This more holistic approach has helped Think College Now build better relationships with the school’s low-income and immigrant families, many of whom lack broadband access at home.
“For some schools without such a big digital divide, they might be able to rely on parents doing more work with the videos at home,” she said. “But it was important for us to combine the videos with workshops and one-on-one coaching at school.”
More than 7,500 parents have tested the 100 College Bound videos across the country, including Think College Now and several others in the Bay Area. The videos are made in both English and Spanish, targeted to low-income and immigrant parents of children between kindergarten and fifth grade who may find they have trouble communicating school-related skills to their children.
“Parents have just as much impact on a child’s education as schools do,” said GreatSchools CEO Bill Jackson. "We are trying to figure out a balance between preaching to parents, because nobody wants a cartoon character telling them what a bad parent they are. But we also want to help improve parenting competencies if parents think they need help.”
But taking into account the particular needs of minority parents, especially immigrant families, has been a challenge when creating these videos, according to Guadalupe Valdes, a professor of education at Stanford University and an adviser to GreatSchools. Valdes said the first versions of the College Bound videos have struggled to maintain that “cultural sensitivity.”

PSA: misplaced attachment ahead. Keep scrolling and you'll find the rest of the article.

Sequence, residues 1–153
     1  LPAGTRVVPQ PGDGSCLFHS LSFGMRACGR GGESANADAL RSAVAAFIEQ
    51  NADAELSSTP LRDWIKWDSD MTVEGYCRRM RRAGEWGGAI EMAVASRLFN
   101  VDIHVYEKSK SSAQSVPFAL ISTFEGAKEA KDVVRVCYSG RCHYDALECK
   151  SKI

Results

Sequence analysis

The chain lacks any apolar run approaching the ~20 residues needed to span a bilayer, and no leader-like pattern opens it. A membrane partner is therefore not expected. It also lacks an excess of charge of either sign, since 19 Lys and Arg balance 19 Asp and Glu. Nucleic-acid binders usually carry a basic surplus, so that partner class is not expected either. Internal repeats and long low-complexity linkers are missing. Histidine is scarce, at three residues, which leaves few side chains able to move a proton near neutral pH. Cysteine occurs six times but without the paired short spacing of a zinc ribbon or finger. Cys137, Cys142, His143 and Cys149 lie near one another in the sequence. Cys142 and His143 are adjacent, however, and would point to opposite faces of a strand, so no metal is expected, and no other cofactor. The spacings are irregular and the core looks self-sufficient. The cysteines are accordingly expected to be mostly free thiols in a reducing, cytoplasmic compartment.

“I think they tried by making Spanish language versions,” she said, “but cultural sensitivity goes beyond language. The underlying assumption seems to be that if minority parents carry out some of the practices that have led to success for majority families, that will be good for them.”
Still, Valdes said the videos could be a way for willing parents to learn about what teachers and schools expect from them in supporting their children at home.
Great Schools plans on continuing more pilot programs of the videos next school year in more schools. Jackson said he hopes to expand parents’ choices for what videos they watch with the aim of being more responsive to individual needs.
“One parent might have trouble getting their kid to do homework,” he said, “and for another parent it might be that their kid is always bored. We want to tailor our videos to whatever the parents are thinking about and not make it a laundry list of skills you have to click through.”
The videos have helped Abellanira Santos, a mother of three, who was having difficulty convincing her middle child Maria Victoria to go to bed before 10 pm. So she sat down with the kindergartner and began counting the number of hours Maria Victoria slept each night.
“I showed her how many hours she would get to sleep if she went to bed at eight than if she went to bed at 10 or 11,” Santos said. “I told her it would help her in school if she got more hours of sleep, and she got excited as we started counting the hours.”
Now, Maria Victoria, who attends Think College Now Elementary, hardly ever puts up a fight at bedtime. Santos said she learned new strategies for talking to her daughter about bedtime from watching the College Bound videos.
Abellanira Santos recently got a personal computer and watches the videos at home as Maria Victoria sits on her lap. “I sometimes feel like I need a little review,” she said.